18 September, 2014

                                    Bronte Hotel, HARARE

The Secretary For Environment And Water and Climate,

The United Nations Environmental Program (UNEP) and the CITES Secretariat represented by the MIKE Coordinator, Julian Blanc,

The European Union Represented by Mr. Severin Mellac

The Director General, Parks and Wildlife Management Authority, Mr Edison Chidziya

Director General and Heads of Wildlife Authorities from Southern and Eastern Africa

Invited Guests, Technical Experts, Ladies and Gentlemen


I would like to begin by welcoming you all to Zimbabwe’ capital city Harare.

It is indeed an honour and privilege for Zimbabwe to host this meeting to launch the new MIKES Project for Southern and Eastern Africa and the MIKE Regional Steering Committee for Southern Africa.

The new project, MIKES, Minimizing of the Illegal Killing of Elephants and other Endangered Species Project, is building on the successful Monitoring Illegal Killing of Elephants (MIKE PROGRAM) that was implemented following a resolution adopted at CITES CoP10 in 1997 in Harare. The MIKE Program, which we all here present, as African elephant range states has enabled us to track and monitor levels and trends of elephant poaching. This project has to date been largely implemented through support from European Commission. The government of Zimbabwe is one of the Parties that recommended the extension of the MIKE Program, and is gratefully to note that these recommendations were considered and today we will be witnessing the launch of a new chapter in the project.

 The new MIKES project will have an expanded focus that will include other flagship species such as rhinos in Africa and Assia and marine turtles in the Caribbean and PARCIFIC REGION. This is a welcome development as a step forward towards a holistic approach and cost effectiveness in our efforts to monitor the conservation status of endangered species.

Ladies and Gentlemen, Wildlife conservation and economic development are inextricably inter-related. The increasing trend in Wildlife poaching is a growing global threat not only to conservation but critically also to our national economics as well as the security of our countries.

The MIKE Program is generating data on the illegal killing of both African and Asian elephants. Through this program, records are showing a general increase in the level of elephant poaching across Africa although at certain sites, a decline in illegal killing has been noted. This development calls for argent action to be taken on order to arrest the trend. We welcome the new focus of the MIKES Project aimed at minimizing the impact of poaching through efforts to strengthen the capacity and capability of law enforcement agencies to combat poaching at site and national levels.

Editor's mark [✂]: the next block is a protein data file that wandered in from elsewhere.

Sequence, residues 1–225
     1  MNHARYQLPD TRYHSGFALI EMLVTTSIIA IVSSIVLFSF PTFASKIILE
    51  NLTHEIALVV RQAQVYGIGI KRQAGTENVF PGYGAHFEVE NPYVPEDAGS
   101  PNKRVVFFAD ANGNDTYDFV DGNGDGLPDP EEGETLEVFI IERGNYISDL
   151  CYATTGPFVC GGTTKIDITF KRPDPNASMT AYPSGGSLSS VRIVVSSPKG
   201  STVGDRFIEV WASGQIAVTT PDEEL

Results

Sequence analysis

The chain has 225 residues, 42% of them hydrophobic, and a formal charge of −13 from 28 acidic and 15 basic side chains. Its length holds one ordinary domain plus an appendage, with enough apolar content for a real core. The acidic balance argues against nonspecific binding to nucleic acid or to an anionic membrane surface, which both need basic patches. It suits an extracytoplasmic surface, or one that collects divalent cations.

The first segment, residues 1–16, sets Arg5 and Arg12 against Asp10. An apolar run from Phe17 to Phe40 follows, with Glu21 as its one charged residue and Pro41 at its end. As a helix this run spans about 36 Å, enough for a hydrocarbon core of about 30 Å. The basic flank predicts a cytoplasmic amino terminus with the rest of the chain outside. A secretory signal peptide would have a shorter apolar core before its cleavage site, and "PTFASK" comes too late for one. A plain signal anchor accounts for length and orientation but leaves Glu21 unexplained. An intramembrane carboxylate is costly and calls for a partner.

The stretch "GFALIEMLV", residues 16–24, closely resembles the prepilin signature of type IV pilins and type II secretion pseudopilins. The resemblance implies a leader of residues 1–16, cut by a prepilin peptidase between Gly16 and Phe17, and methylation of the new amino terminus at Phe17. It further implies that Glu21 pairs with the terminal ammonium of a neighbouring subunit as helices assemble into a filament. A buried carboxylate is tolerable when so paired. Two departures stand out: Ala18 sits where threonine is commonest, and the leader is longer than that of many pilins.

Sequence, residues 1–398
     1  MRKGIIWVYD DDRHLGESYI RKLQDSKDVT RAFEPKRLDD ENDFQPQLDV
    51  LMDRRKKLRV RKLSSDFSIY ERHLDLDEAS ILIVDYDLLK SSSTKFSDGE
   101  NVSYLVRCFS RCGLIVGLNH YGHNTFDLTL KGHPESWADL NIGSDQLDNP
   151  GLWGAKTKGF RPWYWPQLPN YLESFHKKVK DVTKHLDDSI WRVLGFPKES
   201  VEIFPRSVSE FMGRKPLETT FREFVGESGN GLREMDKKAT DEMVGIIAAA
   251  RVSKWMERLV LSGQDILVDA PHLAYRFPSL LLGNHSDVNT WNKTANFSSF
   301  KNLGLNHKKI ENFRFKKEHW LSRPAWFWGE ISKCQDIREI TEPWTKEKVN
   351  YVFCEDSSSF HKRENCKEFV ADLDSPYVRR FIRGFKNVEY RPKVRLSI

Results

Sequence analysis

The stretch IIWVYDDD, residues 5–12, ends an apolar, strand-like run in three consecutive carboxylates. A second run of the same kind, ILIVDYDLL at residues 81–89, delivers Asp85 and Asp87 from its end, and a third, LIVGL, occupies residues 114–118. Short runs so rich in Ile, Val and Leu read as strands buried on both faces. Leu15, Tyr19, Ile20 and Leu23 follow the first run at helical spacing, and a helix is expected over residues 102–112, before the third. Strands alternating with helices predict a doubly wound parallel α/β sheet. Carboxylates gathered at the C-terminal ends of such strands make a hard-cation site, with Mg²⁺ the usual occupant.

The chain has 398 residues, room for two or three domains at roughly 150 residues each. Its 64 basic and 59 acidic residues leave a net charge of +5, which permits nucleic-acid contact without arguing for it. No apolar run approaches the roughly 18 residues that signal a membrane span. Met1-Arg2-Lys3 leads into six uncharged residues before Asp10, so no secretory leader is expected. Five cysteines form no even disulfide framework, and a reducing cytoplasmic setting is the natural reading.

The need for reliable scientific baseline information on status and threats to elephants, rhinos and other flagship wildlife species for management and policy decision at national and international level cannot be overemphasized. Any measures that will enhance the capacity of our wildlife monitoring systems and tools are welcome. Long term success in wildlife conservation depends on current efforts, therefore the new MIKES Project Strategy of reinforcing support for law enforcement capacity through training, technical and operational assistance is applauded as a very pragmatic approach.

Ladies and gentlemen, whilst we acknowledge current efforts to curb poaching and illegal wildlife trafficking, we need to be cognizant the dynamic and complex nature of the issues related to the illegal wildlife trade chains from the source, transit up to the consumer markets. Issue related to addressing local community concerns are of critical importance in curbing the illegal wildlife trade. Community based initiatives therefore need to be fully supported. We cannot afford to sit on our laurels thinking we have addressed the issues as more work still needs to be done. The problems associated with illegal killing of endangered wildlife species are global in nature involving sophisticated syndicates therefore require regional and international collaboration.

In conclusion, Ladies and Gentlemen, the Government of Zimbabwe welcomes the launch of the MIKES Project and sees a key role for Local communities, Private sector, Development Partners, Regional and International Community in working together to minimize the killing of endangered species. Through this project, our partnership will become stronger. We also hope and believe that considerable social and economic benefits can accrue to local communities through creation of opportunities for sustainable livelihoods. The Government of Zimbabwe remains committed to curbing poaching, reducing trafficking and illegal wildlife trade and improved wildlife conservation for the benefit of current and future generations.

I would like to take this opportunity to express my sincere gratitude to UNEP and CITES Secretariat for the technical assistance and the European Union for funding the project. I wish you successful deliberations in the workshop and success in the implementation of the MIKES Project.

I also extend a warm welcome to all the delegates to visit our National Parks and experience the varied forms of flora and fauna, untamed wilderness and rewarding wildlife tourism experiences that Zimbabwe offers.


I thank you!     




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